Which means of course we’re back to that delightful opening with those persistent trumpets slotting in at the exact moment with the now familiar exclamation. Torch never wasted a good idea so it was no surprise that he ended Wagon Lit in the same way as he embellished it. His imagination and arranging skill could well have been acquired from his organ playing days when he was required to improvise on occasions. Incidentally in that early part of his career he also caught the baton-waving bug.

Wagon Lit might not have been such a high profile number in its day, probably because it wasn’t available commercially, but after having been neglected for so long, I would thoroughly recommend you to give it a listen. The art of Sidney Torch is a wonder to behold. And with the legendary Queen’s Hall Light Orchestra conducted by the composer it’s a bonus.

The original Chappell recording of Wagon Lit is available on the Guild CD "The 1940s" (GLCD 5102)

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04 Jan

Moira Ades, R.I.P.

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It is with profound sadness that we report the death of Moira Ades, wife of the late David Ades, on 27th December 2015.

Moira was admitted to hospital in mid-December to undergo an emergency surgical procedure. Whilst initially this appeared to have been successful, she then developed post-operative complications, which unfortunately her doctors were unable to resolve.

It is hoped to publish a fuller tribute to Moira in due course.

Our sincere condolences are extended to her daughter Fenella, her two grandsons James and William, and her son-in-law Barry.

Tony Clayden
30 / 12 / 15

David and Moira Ades
David and Moira Ades
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16 Dec

CD REVIEW ‘BEGUINE AND BUGATTI STEP’- THE ASPIDISTRA DRAWING ROOM ORCHESTRA

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Tony  Clayden has written a CD review of the album.

Read it here...

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11 Nov

New Vocalion Catalogue

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An exciting selection of new CDs will be available in time for Christmas and include Easy Listening, Light, Latin, Film Soundtracks/LibraryMusic, Jazz/Soul and Dance Bands/Big Bands.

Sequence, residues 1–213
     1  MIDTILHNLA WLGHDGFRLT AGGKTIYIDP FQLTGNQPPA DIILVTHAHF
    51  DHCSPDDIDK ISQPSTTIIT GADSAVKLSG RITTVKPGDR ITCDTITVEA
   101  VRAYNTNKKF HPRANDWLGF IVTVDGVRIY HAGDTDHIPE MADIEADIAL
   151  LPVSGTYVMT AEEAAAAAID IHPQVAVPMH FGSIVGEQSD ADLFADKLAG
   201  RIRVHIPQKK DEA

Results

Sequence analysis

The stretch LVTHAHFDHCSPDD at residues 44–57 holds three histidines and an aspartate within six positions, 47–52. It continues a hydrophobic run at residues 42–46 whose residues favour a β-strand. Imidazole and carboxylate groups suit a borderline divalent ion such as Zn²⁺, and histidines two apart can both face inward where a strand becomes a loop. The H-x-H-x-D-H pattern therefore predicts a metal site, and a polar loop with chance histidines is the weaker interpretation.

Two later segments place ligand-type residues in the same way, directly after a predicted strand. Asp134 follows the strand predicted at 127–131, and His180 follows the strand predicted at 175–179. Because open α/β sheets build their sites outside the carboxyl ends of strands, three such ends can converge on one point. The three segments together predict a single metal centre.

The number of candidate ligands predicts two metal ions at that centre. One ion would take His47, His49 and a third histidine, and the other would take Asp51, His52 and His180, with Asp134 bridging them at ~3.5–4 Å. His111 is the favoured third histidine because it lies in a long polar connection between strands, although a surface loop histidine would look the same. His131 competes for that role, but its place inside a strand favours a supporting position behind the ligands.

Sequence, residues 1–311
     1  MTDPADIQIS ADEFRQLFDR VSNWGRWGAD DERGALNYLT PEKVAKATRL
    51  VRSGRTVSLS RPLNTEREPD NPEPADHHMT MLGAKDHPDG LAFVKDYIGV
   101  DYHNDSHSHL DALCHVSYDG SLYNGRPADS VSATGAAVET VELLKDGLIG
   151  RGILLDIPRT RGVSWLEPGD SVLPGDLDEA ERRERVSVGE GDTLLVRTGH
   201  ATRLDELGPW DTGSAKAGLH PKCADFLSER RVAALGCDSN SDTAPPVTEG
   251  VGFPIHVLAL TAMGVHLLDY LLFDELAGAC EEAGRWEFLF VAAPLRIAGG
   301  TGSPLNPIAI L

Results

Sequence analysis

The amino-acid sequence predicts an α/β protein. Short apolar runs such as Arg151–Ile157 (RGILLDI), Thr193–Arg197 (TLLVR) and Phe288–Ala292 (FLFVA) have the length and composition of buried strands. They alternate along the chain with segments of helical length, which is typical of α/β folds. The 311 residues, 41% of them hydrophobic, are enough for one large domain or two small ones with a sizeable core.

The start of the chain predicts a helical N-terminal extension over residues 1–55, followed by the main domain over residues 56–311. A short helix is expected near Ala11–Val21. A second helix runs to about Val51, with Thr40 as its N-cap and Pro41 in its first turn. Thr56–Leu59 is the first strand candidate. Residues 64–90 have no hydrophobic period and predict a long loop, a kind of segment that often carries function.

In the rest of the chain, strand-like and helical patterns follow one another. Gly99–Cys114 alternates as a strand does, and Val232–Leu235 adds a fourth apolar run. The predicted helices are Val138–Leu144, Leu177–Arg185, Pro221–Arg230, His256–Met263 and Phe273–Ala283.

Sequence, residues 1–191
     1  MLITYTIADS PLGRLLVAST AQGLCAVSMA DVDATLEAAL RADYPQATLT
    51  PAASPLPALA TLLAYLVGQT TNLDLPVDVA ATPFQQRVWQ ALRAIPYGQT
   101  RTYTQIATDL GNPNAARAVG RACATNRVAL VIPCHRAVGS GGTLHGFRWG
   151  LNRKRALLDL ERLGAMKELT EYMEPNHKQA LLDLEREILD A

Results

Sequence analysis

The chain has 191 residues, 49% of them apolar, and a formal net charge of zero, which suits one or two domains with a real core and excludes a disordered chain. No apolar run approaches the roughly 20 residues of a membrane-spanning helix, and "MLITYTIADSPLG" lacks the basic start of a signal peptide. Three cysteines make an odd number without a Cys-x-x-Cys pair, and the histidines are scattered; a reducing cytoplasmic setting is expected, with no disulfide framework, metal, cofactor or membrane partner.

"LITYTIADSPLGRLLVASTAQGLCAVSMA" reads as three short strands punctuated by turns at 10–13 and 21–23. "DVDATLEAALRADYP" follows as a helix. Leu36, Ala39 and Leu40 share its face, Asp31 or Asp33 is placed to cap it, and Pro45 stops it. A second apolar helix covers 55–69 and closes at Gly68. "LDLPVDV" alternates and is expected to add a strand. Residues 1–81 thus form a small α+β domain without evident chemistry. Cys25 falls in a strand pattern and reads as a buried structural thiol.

Artistes  featured  include Henry Mancini, Floyd Cramer, Paul Mauriat, Caterina Valente, Cleo Laine, Neal Hefti, John Dankworth,  Victor Silvester, Ted Heath, Jack Hylton and Geraldo.

The listings also include a number of back catalogue re-issues, featuring, among others, Roy Fox, Carroll Gibbons, Henry Hall, Ray Noble, Ambrose, Ted Heath and the Queen’s Hall Light Orchestra.

In addition, there is a huge range of existing titles all still available.

The catalogue can be obtained from Vocalion - or by telephone 01923 803 001. The company operates a mail-order service – their postal address is PO Box 609  Watford WD18 7YA England.

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About Geoff 123
Geoff Leonard was born in Bristol. He spent much of his working career in banking but became an independent record producer in the early nineties, specialising in the works of John Barry and British TV theme compilations.
He also wrote liner notes for many soundtrack albums, including those by John Barry, Roy Budd, Ron Grainer, Maurice Jarre and Johnny Harris. He co-wrote two biographies of John Barry in 1998 and 2008, and is currently working on a biography of singer, actor, producer Adam Faith.
He joined the Internet Movie Data-base (www.imdb.com) as a data-manager in 2001 and looked after biographies, composers and the music-department, amongst other tasks. He retired after nine years loyal service in order to continue writing.